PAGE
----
In 1939, young filmmakers endure the hardships of a desert location -- and an attack by a major movie studio -- to finish their movie.
Searching for the lost remake of “Beau Geste”
When I was twelve years old I saw William A. Wellman’s “Beau Geste” (1939) on television. It was, literally, a life-changing moment. It inspired me to become a film historian and to write many books on movies – including two on Wellman. And it all started with “Beau Geste.”
That’s why the subject of this documentary has been so magical to me. When I learned that a group of San Diego State students had, within months of the release of the Wellman film, made a parody of “Beau Geste” on the very set used for the Hollywood blockbuster, I knew I had to find out more.
What I uncovered was more than I could have hoped for – dozens of photographs taken on the set in 1939, an original poster, a copy of the script and a videotape of the film itself.
I even discovered the desert site of the fort used in both the Wellman film and the lost remake – the ground was littered with spent cartridge shells that had been lying there since 1939.
Even better, I found three survivors of the film, men in their 90s who remembered their youthful lark with clarity and affection.
Through it all, I discovered that there was a great story behind the movie – the arduous conditions under which it was filmed in the vast California desert and the legal threat from a major studio who wanted to shut the film down. It had everything – humor, drama, good guys vs. bad guys and a happy ending.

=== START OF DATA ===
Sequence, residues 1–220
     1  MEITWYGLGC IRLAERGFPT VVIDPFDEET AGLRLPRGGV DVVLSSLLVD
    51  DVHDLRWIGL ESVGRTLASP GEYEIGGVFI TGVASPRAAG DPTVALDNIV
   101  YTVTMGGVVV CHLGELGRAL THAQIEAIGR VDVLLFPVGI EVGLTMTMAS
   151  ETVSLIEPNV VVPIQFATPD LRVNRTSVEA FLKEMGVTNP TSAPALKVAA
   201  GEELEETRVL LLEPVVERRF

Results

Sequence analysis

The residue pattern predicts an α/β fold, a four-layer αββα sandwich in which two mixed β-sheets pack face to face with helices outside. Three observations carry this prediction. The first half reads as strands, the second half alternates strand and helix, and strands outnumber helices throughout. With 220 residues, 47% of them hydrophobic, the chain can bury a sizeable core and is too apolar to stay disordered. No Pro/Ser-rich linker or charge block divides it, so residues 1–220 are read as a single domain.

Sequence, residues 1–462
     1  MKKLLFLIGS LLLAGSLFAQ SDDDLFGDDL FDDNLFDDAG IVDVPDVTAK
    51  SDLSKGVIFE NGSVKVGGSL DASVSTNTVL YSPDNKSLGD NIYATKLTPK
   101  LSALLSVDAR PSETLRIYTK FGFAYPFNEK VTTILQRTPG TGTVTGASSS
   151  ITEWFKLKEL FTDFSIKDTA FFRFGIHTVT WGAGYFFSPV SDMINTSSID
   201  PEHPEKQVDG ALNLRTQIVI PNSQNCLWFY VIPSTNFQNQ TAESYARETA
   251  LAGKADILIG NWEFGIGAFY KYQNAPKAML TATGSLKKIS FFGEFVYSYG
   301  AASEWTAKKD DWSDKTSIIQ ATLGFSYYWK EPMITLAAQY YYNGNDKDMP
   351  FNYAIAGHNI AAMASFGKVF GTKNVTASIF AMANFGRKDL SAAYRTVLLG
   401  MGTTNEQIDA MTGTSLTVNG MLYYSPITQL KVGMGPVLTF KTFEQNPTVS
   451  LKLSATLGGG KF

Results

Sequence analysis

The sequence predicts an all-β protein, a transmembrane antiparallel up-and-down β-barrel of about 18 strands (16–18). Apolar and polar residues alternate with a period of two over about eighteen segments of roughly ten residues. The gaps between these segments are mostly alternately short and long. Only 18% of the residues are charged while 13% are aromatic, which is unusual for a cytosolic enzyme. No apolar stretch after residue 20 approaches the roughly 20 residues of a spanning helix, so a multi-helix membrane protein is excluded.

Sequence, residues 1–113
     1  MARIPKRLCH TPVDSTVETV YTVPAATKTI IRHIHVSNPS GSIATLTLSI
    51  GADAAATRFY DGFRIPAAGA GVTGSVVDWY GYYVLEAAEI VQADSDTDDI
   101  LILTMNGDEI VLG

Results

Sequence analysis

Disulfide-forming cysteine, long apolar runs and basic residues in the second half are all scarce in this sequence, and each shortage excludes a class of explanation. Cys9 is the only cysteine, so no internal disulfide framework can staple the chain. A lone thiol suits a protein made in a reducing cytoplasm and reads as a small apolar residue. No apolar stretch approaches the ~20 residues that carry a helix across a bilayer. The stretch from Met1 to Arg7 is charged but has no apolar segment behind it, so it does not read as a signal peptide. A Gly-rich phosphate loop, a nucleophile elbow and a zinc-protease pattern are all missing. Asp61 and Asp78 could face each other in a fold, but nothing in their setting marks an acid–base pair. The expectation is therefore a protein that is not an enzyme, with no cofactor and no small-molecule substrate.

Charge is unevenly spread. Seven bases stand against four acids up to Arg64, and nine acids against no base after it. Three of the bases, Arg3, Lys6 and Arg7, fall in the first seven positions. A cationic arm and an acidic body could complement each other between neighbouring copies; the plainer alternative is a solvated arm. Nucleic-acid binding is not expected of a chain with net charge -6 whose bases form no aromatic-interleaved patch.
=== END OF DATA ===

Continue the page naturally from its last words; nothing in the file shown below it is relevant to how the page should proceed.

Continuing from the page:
I love this project. Even though it has been a real struggle – and will continue to be one for awhile – it has been a genuine joy to meet these wonderful people and explore this fascinating tale. I hope you’ll let me introduce you to them.
What is my Kickstarter goal?
I’m asking for much less than I need to finish this film -- $5000. My hope, of course, is that I’ll raise more than this so that I can give The Lost Remake everything it needs. Over the past two years I’ve traveled many hundreds of miles and spent thousands of dollars that I couldn’t and can’t afford. Now, I need the completion money for these final steps:
- Hiring an editor to work my rough cut into a polished, entertaining final product.
- Hiring a composer to score the film and then get musicians into a recording studio.
- Recording the narration and other voice-over.
- Mastering the film to DVD and submitting it to film festivals.
$5000 is clearly not enough to do all of these things but my hope is that enough of you will believe in me and my quixotic film to contribute more than this minimum goal. Just remember that any donation you make will be most welcome, whether $5 or $500 or – from my keyboard to God’s ear -- $5000.
How can I donate and be a part of the film?
All you’ve got to do is hit the button that says “Back This Project” and you’ll be led through the simple process. I’ll be more than happy to ship the premiums to anyplace you live, so I want to see donations from around the world.